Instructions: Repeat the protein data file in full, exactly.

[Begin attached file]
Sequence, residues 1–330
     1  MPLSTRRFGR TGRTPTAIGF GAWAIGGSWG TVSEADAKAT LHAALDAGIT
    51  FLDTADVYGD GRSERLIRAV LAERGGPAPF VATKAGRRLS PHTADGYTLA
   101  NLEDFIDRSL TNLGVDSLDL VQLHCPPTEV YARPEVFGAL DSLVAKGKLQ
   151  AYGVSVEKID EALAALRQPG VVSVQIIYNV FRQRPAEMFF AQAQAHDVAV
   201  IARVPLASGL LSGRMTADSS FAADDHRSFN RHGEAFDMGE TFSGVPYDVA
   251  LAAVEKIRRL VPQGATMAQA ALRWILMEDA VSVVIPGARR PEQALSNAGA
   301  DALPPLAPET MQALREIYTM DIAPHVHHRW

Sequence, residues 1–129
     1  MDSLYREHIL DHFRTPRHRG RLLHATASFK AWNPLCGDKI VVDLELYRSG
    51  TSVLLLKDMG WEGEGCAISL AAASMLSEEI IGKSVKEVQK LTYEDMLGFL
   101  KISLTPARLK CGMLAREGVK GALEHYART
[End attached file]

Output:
Sequence, residues 1–330
     1  MPLSTRRFGR TGRTPTAIGF GAWAIGGSWG TVSEADAKAT LHAALDAGIT
    51  FLDTADVYGD GRSERLIRAV LAERGGPAPF VATKAGRRLS PHTADGYTLA
   101  NLEDFIDRSL TNLGVDSLDL VQLHCPPTEV YARPEVFGAL DSLVAKGKLQ
   151  AYGVSVEKID EALAALRQPG VVSVQIIYNV FRQRPAEMFF AQAQAHDVAV
   201  IARVPLASGL LSGRMTADSS FAADDHRSFN RHGEAFDMGE TFSGVPYDVA
   251  LAAVEKIRRL VPQGATMAQA ALRWILMEDA VSVVIPGARR PEQALSNAGA
   301  DALPPLAPET MQALREIYTM DIAPHVHHRW

Sequence, residues 1–129
     1  MDSLYREHIL DHFRTPRHRG RLLHATASFK AWNPLCGDKI VVDLELYRSG
    51  TSVLLLKDMG WEGEGCAISL AAASMLSEEI IGKSVKEVQK LTYEDMLGFL
   101  KISLTPARLK CGMLAREGVK GALEHYART